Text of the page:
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Writing an ebook about EMS. Here's the intro. Tell me what you think.


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So I've been writing an ebook about balancing family life and being in Volunteer EMS. I am not a professional author by any means, so I'm looking for some constructive criticism. Here's the intro. Please let me know what you think. The book is intended to help people balance their life as a volunteer EMT and their family life.

Here we go…..

All of a sudden you feel the vibration, and hear the loud ear piercing sound. The sound you’ve grown to love like a drug. OK – maybe not all the time. But most of the time, for sure. You patiently wait through the static. You wait the few seconds that feel like eternity for the microphone to key up. Finally a voice. The voice of the not so excited dispatcher. He calls out “Volunteer ambulance, please respond for a 9-E-1, cardiac arrest at 123 Main St.” At first, you almost can’t believe it, until he repeats “please respond for a 9-E-1, cardiac arrest at 123 Main St.”

Now the panic sets in. Why the panic, you ask? This is only my second call. My first (the day before) was an “imminent birth” that turned into a nervous first time mom with Braxton Hicks contractions. Needless to say – that call was not as story worthy. Back to the panic…..The crew I was riding with on this Saturday was a veteran crew. Two EMT’s, a driver and me (the know nothing probie).

As we screamed down the road in the ambulance, I had many thoughts going through my head. What the hell do I do when we get there? How will I react to this? Can I handle this? Why did I leave my house and family on this Saturday morning? What seemed to be an eternity in the rig, was only two minutes in reality. But the nervousness and the unknown seemed to draw the time out. Soon after leaving headquarters we arrived on scene. I jumped off the rig with the rest of the crew and grabbed our oxygen bag. In my few days I have already learned it’s not good to leave the rig empty-handed. We ran to the door and entered. Our ALS first responder was already inside, and informed us that this patient was “signal 50”, which means DOA (dead on arrival).

I was confused. “isn’t that what we are here for?”, I thought to myself. Why are we not doing anything? As I’m thinking this to myself, I am looking at our patient, who was in her sixties, blue and lying on her back, surrounded by pills and vomit. Then I glanced at her husband, who had just woken up to find her like that. It was then I realized he was thinking the same thing. Why aren’t they doing anything? Why are they here if they are not going to help her? I think we both knew the answer, but didn’t quite want to accept it. As the gentlemen grew increasingly upset, a police officer walked him to the kitchen for a seat, and to ascertain the necessary information. Knowing I was wet behind the ears, the first responder pulled me over to the victim, rolled her over and began to teach me about obvious death. He pointed out how her back was blue from lividity (blood pooling), and also how her head and arms moved right with the body since they were stiff (rigor). It was then I realized she’s been dead for hours, and there was no chance we would ever bring her back. No wonder we didn’t start CPR.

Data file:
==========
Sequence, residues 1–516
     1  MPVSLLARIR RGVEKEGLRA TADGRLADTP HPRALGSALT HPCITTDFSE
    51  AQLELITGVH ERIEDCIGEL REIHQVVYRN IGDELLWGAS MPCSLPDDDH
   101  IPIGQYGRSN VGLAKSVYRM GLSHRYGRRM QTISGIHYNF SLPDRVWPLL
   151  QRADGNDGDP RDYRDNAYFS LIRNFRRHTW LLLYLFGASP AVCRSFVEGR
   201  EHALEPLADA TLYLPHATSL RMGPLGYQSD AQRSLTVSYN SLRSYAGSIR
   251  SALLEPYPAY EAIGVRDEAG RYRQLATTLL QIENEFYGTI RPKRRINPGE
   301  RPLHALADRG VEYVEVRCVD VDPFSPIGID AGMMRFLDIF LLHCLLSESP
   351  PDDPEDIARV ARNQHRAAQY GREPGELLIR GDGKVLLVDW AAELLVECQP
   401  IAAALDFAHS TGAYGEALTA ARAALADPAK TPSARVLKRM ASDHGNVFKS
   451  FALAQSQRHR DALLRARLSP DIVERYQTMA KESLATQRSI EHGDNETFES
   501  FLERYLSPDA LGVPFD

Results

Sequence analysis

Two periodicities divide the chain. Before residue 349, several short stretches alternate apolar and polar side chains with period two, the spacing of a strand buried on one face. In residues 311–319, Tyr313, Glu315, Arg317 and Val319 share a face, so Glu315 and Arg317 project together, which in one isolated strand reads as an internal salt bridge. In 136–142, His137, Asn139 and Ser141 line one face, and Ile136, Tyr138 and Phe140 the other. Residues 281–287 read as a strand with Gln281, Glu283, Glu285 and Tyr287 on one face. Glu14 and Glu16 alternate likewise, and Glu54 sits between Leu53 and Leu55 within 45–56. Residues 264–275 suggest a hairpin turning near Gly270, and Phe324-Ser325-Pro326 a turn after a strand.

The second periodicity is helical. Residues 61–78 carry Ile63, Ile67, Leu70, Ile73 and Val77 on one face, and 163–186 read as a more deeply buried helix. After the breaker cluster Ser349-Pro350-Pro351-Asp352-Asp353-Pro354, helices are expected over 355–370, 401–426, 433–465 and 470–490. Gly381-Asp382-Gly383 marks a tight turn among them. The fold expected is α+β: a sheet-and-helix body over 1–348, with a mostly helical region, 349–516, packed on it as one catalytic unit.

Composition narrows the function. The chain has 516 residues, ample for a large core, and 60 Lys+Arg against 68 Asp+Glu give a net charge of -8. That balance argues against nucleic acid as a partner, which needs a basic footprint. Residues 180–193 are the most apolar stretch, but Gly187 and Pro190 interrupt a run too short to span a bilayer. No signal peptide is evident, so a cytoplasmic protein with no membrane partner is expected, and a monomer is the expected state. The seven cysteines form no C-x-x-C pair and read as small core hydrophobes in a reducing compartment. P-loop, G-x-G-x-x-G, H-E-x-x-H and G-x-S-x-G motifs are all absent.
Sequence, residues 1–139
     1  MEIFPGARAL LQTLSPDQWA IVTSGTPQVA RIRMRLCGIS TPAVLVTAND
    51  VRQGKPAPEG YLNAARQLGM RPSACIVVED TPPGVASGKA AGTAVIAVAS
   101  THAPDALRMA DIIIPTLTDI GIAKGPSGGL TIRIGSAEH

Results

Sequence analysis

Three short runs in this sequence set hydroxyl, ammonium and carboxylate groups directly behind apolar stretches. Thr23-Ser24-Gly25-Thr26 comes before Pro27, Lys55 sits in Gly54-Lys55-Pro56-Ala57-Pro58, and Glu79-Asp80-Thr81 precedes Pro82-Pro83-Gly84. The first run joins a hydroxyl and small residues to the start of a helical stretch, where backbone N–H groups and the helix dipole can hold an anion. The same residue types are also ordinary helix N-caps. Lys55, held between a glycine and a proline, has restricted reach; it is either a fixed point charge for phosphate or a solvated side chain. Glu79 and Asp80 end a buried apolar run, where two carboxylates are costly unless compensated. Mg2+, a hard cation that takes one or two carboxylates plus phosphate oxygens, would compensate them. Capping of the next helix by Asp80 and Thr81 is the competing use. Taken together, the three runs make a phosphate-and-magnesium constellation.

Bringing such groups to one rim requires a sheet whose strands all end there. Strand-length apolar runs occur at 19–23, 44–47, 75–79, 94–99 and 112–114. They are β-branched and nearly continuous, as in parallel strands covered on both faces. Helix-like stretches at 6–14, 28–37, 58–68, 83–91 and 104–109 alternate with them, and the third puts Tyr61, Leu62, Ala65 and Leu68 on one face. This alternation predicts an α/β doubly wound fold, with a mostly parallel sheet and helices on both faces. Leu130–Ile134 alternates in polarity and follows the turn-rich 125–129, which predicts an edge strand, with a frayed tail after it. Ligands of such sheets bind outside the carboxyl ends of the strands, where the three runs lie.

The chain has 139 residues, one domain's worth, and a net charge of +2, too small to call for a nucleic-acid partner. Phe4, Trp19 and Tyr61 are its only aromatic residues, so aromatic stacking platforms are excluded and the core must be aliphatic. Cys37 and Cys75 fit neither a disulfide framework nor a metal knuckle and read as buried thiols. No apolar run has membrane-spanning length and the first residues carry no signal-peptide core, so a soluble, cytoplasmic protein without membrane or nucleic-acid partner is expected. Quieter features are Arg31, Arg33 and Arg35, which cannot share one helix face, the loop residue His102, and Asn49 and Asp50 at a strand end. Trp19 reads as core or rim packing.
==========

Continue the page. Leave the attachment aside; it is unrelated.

Soon after my lesson, we left. As we walked out the door I looked at the man one last time. When he saw us leaving I think he finally realized why we were not doing anything. He began to cry, and glanced back at us with this look. The look spoke a thousand words. I interpreted it as “you let me down, but I know there’s nothing you could have done.” That’s exactly how I felt about it anyway. As I climbed back on the ambulance, I felt a little nauseous, and saddened. It was a quiet yet quick ride back to headquarters.

I remember when we got back, the rest of the crew continued with what they were doing prior to the call. They then proceeded to have breakfast. I could not eat. At least not right at that moment. It took me a couple of hours to feel comfortable eating. It wasn’t that the scene was gruesome. I think it was more the new feeling of being a part of something like that. To realize that doing this job means you are going to be a part of some stranger’s worst day. You will be there when their “unthinkable” happens. When their nightmare will become reality. I think that’s why I felt the way I did.